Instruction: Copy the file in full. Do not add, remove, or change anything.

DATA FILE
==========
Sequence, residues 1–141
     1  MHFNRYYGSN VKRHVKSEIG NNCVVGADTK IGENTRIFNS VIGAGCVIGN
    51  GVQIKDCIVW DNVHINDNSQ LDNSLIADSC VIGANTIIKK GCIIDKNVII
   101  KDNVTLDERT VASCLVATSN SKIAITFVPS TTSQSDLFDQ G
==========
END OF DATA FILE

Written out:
Sequence, residues 1–141
     1  MHFNRYYGSN VKRHVKSEIG NNCVVGADTK IGENTRIFNS VIGAGCVIGN
    51  GVQIKDCIVW DNVHINDNSQ LDNSLIADSC VIGANTIIKK GCIIDKNVII
   101  KDNVTLDERT VASCLVATSN SKIAITFVPS TTSQSDLFDQ G